On metaphors and the past, Omer Bartov, Doris Bergen, Andrea Orzoff, Timothy Snyder, and Anika Walke, et al. in NYRB:
'We are scholars who strongly support the United States Holocaust Memorial Museum. Many of us write on the Holocaust and genocide; we have researched in the USHMM’s library and archives or served as fellows or associated scholars; we have been grateful for the Museum’s support and intellectual community. Many of us teach the Holocaust at our universities, and have drawn on the Museum’s online resources. We support the Museum’s programs from workshops to education.
We are deeply concerned about the Museum’s recent “Statement Regarding the Museum’s Position on Holocaust Analogies.” We write this public letter to urge its retraction.
Scholars in the humanities and social sciences rely on careful and responsible analysis, contextualization, comparison, and argumentation to answer questions about the past and the present. By “unequivocally rejecting efforts to create analogies between the Holocaust and other events, whether historical or contemporary,” the United States Holocaust Memorial Museum is taking a radical position that is far removed from mainstream scholarship on the Holocaust and genocide. And it makes learning from the past almost impossible.'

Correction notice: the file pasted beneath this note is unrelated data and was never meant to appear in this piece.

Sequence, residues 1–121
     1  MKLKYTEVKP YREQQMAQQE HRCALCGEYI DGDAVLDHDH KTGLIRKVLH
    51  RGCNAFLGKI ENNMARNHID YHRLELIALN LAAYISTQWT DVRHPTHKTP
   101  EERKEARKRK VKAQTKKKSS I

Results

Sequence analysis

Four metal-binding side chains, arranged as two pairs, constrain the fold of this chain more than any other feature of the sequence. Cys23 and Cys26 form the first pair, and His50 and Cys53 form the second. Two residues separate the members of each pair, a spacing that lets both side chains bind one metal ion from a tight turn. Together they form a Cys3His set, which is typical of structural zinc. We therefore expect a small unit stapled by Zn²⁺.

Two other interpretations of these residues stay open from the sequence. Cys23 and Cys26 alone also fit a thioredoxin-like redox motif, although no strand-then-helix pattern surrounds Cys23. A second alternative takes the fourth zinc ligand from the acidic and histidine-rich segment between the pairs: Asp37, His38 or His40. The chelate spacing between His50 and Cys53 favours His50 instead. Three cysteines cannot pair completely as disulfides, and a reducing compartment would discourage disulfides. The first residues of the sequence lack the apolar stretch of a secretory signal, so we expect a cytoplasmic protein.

Read the article here.
A metaphor is not an equalization, and although some metaphors are silly and stupid, the attempt to prohibit these metaphors is silly and counterproductive as well.
For the time being the Third Reich is the symbol of evil, this might change, but because of this it's almost inevitable that this Reich in one way or another will be used as a metaphor.